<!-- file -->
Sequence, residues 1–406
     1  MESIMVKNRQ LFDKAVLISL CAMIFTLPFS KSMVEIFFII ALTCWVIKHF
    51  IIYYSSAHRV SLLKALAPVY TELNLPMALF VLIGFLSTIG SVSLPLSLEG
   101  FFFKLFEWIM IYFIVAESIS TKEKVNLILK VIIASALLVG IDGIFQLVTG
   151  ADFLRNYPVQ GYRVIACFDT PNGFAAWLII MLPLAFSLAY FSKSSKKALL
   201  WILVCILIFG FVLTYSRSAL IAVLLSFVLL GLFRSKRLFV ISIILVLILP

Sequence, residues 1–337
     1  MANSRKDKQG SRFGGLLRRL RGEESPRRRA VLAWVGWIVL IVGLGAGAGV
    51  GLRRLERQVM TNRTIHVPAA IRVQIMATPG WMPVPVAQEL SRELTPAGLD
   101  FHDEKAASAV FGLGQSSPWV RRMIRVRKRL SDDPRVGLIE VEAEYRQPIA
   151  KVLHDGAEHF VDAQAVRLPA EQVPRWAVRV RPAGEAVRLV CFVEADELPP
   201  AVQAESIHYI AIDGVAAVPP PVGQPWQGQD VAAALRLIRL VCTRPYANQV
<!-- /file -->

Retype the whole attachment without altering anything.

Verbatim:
Sequence, residues 1–406
     1  MESIMVKNRQ LFDKAVLISL CAMIFTLPFS KSMVEIFFII ALTCWVIKHF
    51  IIYYSSAHRV SLLKALAPVY TELNLPMALF VLIGFLSTIG SVSLPLSLEG
   101  FFFKLFEWIM IYFIVAESIS TKEKVNLILK VIIASALLVG IDGIFQLVTG
   151  ADFLRNYPVQ GYRVIACFDT PNGFAAWLII MLPLAFSLAY FSKSSKKALL
   201  WILVCILIFG FVLTYSRSAL IAVLLSFVLL GLFRSKRLFV ISIILVLILP

Sequence, residues 1–337
     1  MANSRKDKQG SRFGGLLRRL RGEESPRRRA VLAWVGWIVL IVGLGAGAGV
    51  GLRRLERQVM TNRTIHVPAA IRVQIMATPG WMPVPVAQEL SRELTPAGLD
   101  FHDEKAASAV FGLGQSSPWV RRMIRVRKRL SDDPRVGLIE VEAEYRQPIA
   151  KVLHDGAEHF VDAQAVRLPA EQVPRWAVRV RPAGEAVRLV CFVEADELPP
   201  AVQAESIHYI AIDGVAAVPP PVGQPWQGQD VAAALRLIRL VCTRPYANQV